In her new collection of poems, White Sea, Cleopatra Mathis writes, "I have lost my killer instinct / for beauty, for embellishing and relishing / the art of it." She has come to this place — the one where she refuses the easy consolations of the beautiful — the hard way. Although several losses and illnesses are suggested in the poems, the death of one particular friend becomes the inconsolable dark heart of the book. In the long poem "Called Back," she describes that friend's illness and death. "When she understood she'd entered another country, / crossed the chasm between illness and health, / well-being now forever on the other side," she assumed that intense inward gaze so many of us have noticed while watching the slow deaths of those we love. "The fact of dying took up every space, all her weight / belonged to it, all her self in its service." In a later poem, the poet continues to refuse the usual sympathies:
| We'll call this dying: the soul
fumbles out of the dark room into
hallway, almost feeling its way as it
from the body's time and space.
This might all sound grim to most readers, and I can't explain that tone away. It would be a violation of these brave poems to even attempt that. Cleopatra Mathis has always had a clear vision, even if at earlier times she was more tempted by the beautiful. She grew up in rural Louisiana in her mother's Greek immigrant family. Much of that lush landscape and textured personal history made it into her first five books. But in White Sea, writing, almost in spite of herself, out of a kind of despair, Mathis has written a book beyond categories, one that achieves a kind of consolation because of its very hardness. Near the end, she watches the various carrion-eating birds:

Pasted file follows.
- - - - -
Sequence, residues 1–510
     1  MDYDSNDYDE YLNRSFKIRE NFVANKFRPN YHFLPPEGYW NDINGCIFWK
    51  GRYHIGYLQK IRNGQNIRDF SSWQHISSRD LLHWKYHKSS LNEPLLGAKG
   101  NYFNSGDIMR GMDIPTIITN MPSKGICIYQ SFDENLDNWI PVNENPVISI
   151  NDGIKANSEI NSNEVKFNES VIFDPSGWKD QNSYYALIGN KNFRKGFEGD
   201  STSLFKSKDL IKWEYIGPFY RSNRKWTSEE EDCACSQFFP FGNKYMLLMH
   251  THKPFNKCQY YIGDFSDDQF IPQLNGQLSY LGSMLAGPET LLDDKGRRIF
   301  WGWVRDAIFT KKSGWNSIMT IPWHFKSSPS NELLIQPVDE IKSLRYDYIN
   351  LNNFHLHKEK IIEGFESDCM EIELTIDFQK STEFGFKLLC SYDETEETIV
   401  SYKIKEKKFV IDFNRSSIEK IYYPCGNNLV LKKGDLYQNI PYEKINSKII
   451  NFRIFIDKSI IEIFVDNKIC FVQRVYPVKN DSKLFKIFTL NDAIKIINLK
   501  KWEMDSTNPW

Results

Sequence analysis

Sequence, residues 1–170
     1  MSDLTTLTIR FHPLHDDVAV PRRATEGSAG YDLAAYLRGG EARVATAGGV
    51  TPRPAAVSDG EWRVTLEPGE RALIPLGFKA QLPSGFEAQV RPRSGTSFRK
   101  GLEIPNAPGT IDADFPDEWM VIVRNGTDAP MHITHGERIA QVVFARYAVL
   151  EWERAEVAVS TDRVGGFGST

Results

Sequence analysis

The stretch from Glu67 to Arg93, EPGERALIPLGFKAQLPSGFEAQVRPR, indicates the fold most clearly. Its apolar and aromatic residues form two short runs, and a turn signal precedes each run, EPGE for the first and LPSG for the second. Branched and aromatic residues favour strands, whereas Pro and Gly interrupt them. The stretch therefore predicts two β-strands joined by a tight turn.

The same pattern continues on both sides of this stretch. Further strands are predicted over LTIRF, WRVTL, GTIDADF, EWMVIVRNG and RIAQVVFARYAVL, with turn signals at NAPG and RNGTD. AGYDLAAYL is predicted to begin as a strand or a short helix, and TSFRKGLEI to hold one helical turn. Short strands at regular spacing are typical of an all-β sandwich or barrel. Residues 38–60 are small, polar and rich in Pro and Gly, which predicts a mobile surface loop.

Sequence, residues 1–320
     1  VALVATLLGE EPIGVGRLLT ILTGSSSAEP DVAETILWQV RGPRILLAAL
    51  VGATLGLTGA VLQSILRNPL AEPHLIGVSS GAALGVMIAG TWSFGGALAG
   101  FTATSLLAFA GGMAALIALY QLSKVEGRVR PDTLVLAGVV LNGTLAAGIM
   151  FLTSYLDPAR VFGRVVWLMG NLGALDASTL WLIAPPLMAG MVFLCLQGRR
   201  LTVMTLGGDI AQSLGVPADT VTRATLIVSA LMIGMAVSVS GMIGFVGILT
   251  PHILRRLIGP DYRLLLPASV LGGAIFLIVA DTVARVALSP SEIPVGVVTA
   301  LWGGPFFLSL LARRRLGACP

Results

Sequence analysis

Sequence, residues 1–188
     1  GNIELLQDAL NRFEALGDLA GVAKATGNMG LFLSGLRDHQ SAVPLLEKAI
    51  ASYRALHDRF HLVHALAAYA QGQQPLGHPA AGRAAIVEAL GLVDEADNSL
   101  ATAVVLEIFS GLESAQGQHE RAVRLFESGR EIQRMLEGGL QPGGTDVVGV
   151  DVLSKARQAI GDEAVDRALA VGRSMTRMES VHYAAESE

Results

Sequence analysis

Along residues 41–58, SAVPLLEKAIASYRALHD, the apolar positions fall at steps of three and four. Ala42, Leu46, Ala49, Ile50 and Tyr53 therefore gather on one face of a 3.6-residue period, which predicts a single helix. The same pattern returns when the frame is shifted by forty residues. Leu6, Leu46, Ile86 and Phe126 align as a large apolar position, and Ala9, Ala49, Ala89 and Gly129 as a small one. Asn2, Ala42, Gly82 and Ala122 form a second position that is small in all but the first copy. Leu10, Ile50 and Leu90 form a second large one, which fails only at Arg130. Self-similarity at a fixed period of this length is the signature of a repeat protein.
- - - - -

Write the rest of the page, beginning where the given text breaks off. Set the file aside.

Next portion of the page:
| . . . all of them
repel me with their unflinching need.
The body dies, they eat it,
rot and all, a progression
not so different from the ordinarily beautiful
flower giving itself up to fruit, then the fruit
withering for the sake of seed.
And so on, without sentiment.
And yet there are the hints of other things. Whatever the soul is — and for this poet it is certainly a different, darker, more indifferent thing than any popular understanding would allow — the soul remains, a fact and a presence. When we "imagine joy . . . the soul gives it all / a brief nod and flies on past." When she addresses the spirit, she knows that "you don't care / about my American happiness." This combination of impulses — the refusal both of consolation and of nihilism — defines the bravery of this undertaking and gives White Sea a deep seriousness that truly does make it an epistle of consolation for all our losses.
Cleopatra Mathis reads from her book at Shaman Drum on Friday, February 3.
[Review published February 2006]